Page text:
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Avalon CEO wants same operating perks as WSI

written by Adam Thorn | October 9, 2023

The CEO of Avalon Airport has called on the federal government to grant his business the same operating perks as Western Sydney Airport.

Tony Brun told The Australian Financial Review on Sunday that poor air traffic control and firefighter hours are hampering his airport’s ability to attract passenger and service flights despite its flight paths causing virtually no noise to locals.

“A lot of the discussion is around Western Sydney being the centre of the universe,” he said. “Well, actually, western Melbourne is much bigger.”

WSI is expected to open in late 2026, with Qantas and Jetstar the first two airlines to formally sign on. Construction on the first parallel runway began in March 2022.


However, Brun believes the new NSW airport is being given better support than Avalon, the second busiest airport in Victoria and home to the International Airshow.

He added the airport’s proximity far from major international hub airports means aircraft are more likely to arrive later and, therefore, require more flexibility with operating times.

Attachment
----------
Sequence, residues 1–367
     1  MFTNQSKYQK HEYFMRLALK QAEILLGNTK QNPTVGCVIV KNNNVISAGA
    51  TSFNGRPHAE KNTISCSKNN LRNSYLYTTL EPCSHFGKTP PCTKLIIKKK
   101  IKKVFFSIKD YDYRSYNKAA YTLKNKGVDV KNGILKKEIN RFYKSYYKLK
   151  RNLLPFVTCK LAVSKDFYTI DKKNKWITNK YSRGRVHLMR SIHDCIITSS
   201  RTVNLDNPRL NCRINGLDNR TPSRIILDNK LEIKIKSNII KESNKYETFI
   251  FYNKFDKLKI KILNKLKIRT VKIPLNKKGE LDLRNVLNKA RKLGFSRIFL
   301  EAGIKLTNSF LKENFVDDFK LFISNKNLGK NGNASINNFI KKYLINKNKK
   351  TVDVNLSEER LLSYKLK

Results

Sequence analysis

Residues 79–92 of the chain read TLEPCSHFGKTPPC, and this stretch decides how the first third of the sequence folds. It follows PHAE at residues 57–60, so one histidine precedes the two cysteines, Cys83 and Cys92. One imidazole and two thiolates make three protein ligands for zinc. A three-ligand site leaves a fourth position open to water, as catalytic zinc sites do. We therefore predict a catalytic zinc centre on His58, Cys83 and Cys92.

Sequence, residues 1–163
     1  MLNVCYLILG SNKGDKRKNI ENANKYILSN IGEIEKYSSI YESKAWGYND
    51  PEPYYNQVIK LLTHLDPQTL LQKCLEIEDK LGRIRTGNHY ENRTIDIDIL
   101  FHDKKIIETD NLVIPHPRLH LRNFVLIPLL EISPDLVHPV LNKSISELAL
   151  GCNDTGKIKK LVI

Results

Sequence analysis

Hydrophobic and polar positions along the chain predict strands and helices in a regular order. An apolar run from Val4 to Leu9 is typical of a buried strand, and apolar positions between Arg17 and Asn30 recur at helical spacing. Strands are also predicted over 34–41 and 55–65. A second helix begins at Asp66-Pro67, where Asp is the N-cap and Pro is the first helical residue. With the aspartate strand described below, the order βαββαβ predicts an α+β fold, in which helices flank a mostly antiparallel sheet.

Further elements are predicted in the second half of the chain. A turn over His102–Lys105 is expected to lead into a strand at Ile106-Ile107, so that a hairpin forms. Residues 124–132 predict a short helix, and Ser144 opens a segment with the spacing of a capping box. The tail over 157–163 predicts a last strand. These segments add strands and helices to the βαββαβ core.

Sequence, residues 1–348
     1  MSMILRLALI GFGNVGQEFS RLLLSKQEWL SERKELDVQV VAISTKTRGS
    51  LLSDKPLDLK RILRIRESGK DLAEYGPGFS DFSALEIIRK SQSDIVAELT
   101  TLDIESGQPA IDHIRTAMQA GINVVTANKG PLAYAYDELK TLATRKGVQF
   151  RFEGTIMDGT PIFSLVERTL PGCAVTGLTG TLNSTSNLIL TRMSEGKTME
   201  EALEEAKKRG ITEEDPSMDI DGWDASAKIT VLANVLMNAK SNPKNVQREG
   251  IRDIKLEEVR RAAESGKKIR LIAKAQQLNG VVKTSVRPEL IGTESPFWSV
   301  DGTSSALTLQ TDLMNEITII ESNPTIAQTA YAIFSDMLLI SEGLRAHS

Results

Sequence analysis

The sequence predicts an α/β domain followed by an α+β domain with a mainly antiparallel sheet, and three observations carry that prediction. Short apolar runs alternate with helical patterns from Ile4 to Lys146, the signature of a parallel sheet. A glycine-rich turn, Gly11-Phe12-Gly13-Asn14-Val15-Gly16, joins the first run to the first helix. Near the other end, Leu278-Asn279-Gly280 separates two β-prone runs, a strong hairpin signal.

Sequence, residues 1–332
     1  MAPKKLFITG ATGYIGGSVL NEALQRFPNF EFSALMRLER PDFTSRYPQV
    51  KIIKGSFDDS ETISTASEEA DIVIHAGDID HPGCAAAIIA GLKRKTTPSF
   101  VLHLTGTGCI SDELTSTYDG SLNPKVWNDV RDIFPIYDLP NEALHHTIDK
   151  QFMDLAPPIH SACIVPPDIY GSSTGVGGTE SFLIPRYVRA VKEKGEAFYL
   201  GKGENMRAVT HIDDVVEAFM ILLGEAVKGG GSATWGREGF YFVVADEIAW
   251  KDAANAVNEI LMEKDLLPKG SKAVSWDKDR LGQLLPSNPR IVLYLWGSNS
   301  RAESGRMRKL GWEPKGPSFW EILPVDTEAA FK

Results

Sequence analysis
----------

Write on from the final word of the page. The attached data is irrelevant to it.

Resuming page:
“We’re not looking for government funding for our airport, but we want policy equivalents to what the government is going to give itself at Western Sydney,” he said.

“But we need equivalence of service and reliability for our air traffic control operating hours, for our firefighting operating hours, for the Border Force and the biosecurity operations.

“They’re all committed and guaranteed for Western Sydney, but for us, they’re not, and that creates problems for airlines wanting to operate here and even freight operations.”

The intervention comes months after Qantas announced up to 10 Jetstar and five Qantas narrow-body aircraft will fly from WSI within the first year of operation.

It’s hoped the group will operate 25,000 flights carrying around four million passengers per annum to destinations including Melbourne, Brisbane and the Gold Coast.

According to Simon Hickey, CEO of Western Sydney International, the “substantial” Qantas and Jetstar presence will send a strong signal about the new airport’s offering to airlines and passengers.

“We’re enabling WSI with the latest technology, which will deliver an easier and more seamless travel experience. Qantas and Jetstar passengers are going to love flying from WSI, and we can’t wait to welcome them,” he said.

“WSI is being designed for growth and will eventually become Sydney’s biggest airport. We have a roadmap to grow to 82 million annual passengers, around the size of the world’s major airports, such as Dubai and London Heathrow.”

The airport earlier this year published a review of its fuel supply options, which called for the NSW government to prioritise the facilitation of pipeline corridors to WSI.

Initial fuel supplies will be delivered by B-double trucks, which WSI chief corporate affairs officer Scott MacKillop noted “is the case for many airports across Australia in their growth phases, including Adelaide, the Gold Coast and Canberra”.

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